"Eating portion-controlled meals that include whole-grain foods and monounsaturated fats (MUFAs) throughout the day is the best way to eat for a flat belly: People who eat whole grains lose more abdominal fat. And making most of the fats you eat MUFAs reduces ab flab, research says." —Keri Glassman, RD, author of The O2 Diet and The Snack Factor Diet
Pilates Zip Up: Stand upright with the heels together, toes slightly turned out. Bring the arms up, into an "upright row" position, hands just underneath the chin. Exhale, press the arms down (as if pressing down on a box of dynamite), keeping the hands and arms very close to the body. Simultaneously, lift your heels off the ground onto your tiptoes. Hold for two seconds at the "top" and inhale and return to the starting position. The abs go "in and up" and the arms go down. Perform 20 repetitions.
Try to cook fresh when you can instead of relying on packaged foods, says Armul. “There are preservatives in them to prolong shelf life,” she says. “The thing that makes them so convenient is they’re there all the time, waiting on the shelf—but that also means they’re higher in sodium.” When that extra sodium holds water, you’ll end up feeling bloated. Here are more foods that relieve stomach bloating.
Stoke your body with meals that combine belly-friendly fiber, lean protein, and healthy fats so you never feel hungry. We’ll stay largely carb-light, but now you’re ready to reintroduce sweets to your diet, with a delicious dessert every other day. Meals feature an ideal balance of 40 percent carbs, 30 percent protein, and 30 percent fat, which research indicates is the best mix for decreasing inflammation and improving digestion. It’s the combination we recommend you stick with for life.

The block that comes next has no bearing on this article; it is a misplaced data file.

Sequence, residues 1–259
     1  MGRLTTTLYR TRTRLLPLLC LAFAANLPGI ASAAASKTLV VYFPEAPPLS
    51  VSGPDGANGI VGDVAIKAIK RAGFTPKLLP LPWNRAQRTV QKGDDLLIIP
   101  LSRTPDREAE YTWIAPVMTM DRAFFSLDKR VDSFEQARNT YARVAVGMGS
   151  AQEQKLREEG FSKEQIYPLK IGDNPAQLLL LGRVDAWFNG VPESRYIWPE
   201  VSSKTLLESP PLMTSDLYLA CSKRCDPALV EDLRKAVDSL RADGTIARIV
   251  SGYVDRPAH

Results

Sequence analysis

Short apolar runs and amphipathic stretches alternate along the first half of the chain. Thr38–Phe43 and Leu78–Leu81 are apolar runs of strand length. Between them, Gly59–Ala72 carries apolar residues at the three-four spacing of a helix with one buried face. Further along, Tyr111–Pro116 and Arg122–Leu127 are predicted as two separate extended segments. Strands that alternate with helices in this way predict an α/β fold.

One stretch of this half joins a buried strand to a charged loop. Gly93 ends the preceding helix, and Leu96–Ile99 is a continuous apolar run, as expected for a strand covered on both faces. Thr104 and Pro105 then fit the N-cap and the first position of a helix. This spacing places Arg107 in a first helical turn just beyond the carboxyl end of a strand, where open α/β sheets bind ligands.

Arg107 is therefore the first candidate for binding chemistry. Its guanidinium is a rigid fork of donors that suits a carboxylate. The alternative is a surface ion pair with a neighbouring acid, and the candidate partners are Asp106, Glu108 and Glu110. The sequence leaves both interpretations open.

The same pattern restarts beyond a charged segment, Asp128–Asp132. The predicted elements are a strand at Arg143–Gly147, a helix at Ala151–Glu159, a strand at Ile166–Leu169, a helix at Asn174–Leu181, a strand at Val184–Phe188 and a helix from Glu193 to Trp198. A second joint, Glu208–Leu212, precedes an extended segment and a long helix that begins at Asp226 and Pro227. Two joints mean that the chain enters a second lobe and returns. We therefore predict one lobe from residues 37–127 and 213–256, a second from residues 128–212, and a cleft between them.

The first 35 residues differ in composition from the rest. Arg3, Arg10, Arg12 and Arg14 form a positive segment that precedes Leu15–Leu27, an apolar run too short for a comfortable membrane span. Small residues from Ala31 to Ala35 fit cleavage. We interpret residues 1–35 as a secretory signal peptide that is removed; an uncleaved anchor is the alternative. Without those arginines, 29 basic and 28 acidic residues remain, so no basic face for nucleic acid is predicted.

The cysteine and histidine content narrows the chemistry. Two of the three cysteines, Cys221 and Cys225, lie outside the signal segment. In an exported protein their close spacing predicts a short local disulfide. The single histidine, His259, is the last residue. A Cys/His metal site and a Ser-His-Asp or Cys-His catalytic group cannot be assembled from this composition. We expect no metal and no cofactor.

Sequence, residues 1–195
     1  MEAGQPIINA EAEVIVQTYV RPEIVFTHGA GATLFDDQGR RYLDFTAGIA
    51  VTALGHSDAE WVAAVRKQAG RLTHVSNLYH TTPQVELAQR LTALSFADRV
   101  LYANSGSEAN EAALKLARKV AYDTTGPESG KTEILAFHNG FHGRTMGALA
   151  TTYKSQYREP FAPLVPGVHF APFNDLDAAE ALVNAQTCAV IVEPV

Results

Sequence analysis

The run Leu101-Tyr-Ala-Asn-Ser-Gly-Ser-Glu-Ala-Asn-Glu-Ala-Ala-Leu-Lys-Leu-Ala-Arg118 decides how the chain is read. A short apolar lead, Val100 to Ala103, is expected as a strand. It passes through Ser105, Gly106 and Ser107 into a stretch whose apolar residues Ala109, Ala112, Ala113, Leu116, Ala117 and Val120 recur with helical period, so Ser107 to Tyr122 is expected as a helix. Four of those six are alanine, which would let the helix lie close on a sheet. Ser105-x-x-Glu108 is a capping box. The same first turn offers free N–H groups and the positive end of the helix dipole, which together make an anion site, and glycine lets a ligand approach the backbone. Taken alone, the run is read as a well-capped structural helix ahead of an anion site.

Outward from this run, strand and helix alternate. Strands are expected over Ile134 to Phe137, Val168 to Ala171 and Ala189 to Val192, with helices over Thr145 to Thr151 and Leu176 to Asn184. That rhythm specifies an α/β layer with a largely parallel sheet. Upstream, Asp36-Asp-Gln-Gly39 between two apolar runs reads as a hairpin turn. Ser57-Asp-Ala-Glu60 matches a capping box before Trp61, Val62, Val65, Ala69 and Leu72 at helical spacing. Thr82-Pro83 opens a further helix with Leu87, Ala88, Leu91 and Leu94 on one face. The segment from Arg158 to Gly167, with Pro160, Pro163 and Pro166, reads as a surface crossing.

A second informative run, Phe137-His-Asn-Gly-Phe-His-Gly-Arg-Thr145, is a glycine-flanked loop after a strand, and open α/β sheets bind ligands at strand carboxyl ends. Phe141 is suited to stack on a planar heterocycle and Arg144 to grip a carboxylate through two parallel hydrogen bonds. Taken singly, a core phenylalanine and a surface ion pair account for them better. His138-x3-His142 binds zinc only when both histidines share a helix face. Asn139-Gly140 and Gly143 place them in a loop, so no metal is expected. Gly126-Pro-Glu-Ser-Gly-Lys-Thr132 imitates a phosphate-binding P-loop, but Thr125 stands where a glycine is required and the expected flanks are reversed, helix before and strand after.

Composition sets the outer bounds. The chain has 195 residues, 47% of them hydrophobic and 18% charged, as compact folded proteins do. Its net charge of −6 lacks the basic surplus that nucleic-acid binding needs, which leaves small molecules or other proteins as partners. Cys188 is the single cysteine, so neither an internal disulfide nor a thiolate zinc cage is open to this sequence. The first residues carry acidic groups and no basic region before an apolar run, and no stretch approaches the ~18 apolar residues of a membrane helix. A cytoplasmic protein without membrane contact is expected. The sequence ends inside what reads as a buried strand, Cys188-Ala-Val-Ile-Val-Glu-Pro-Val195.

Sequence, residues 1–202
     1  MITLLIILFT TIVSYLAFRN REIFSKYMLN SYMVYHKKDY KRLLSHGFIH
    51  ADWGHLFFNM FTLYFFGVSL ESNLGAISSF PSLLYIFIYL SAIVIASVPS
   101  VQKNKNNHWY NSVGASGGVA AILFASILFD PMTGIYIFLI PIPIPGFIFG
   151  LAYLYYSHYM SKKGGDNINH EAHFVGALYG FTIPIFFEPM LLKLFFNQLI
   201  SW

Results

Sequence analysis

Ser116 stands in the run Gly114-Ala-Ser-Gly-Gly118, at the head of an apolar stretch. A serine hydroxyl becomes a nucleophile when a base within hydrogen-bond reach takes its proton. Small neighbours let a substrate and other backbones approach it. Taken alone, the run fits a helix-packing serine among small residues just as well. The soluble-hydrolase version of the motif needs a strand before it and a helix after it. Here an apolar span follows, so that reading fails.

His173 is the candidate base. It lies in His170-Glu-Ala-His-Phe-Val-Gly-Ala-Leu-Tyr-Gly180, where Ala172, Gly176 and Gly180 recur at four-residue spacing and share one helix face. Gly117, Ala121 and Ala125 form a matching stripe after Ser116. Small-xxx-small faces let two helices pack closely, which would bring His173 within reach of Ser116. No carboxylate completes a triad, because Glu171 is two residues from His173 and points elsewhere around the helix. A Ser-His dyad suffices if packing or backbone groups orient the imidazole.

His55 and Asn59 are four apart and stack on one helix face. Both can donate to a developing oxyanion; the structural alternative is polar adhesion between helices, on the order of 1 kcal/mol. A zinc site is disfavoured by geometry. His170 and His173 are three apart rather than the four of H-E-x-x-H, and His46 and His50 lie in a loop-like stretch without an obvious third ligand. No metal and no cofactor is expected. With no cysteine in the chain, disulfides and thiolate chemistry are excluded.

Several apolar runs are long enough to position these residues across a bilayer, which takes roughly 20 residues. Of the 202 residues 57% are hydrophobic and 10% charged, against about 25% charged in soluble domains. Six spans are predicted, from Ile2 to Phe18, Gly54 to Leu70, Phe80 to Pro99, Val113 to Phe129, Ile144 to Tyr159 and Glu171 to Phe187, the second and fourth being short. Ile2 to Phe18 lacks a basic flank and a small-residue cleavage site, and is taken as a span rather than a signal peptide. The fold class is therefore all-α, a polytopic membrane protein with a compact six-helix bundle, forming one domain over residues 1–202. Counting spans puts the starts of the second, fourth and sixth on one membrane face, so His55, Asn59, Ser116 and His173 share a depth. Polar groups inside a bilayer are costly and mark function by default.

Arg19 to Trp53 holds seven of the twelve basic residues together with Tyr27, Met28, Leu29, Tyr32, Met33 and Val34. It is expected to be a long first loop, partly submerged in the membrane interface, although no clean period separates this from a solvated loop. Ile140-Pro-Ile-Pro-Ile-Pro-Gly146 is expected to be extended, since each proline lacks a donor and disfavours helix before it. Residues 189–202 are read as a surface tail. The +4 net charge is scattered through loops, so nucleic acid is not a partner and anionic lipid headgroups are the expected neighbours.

In this book, we look at all of the ways you can improve your own gut health, starting with the food you eat. My diet recommendations, meal plans, and recipes will help feed and protect your gut microbes. And we look at themanyother steps you can take to support your beneficial bacteria, from avoiding unnecessary antibiotics to changing the way you think about dirt and germs. Even the choices you make about how you bring your children into the world can have an impact on your family's microbiomes.
Protein is kryptonite to belly fat. When you eat protein, your body has to expend a lot of calories in digestion—about 25 calories for every 100 calories you eat (compared with only 10 to 15 calories for fats and carbs). With that said, stock your kitchen with boneless skinless chicken breast, lean ground turkey, lean beef, lamb, wild salmon, shrimp, scallops, cod, tuna, and halibut. Looking for a new tasty way to eat salmon? Check out this Zero Belly Green Tea Poached Salmon Recipe for some inspiration.
Keeping a food journal is an easy way to control your weight and help you become more aware of any belly-bloating triggers, Bannan says. Write down what you're eating and how your stomach feels throughout the day, and you might discover what isn't treating your tummy kindly. Ask yourself: Do I feel gassy? Am I overfull after just a few bites of certain foods? Does my stomach make sounds or feel swollen following specific meals?